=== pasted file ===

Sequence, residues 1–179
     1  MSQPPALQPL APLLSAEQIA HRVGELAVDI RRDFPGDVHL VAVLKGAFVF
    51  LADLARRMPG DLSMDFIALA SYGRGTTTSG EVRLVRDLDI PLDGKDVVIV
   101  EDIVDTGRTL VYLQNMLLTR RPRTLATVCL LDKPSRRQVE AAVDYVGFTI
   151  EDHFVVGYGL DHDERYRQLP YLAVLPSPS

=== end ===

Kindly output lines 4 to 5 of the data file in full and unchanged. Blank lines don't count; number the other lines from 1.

   101  EDIVDTGRTL VYLQNMLLTR RPRTLATVCL LDKPSRRQVE AAVDYVGFTI
   151  EDHFVVGYGL DHDERYRQLP YLAVLPSPS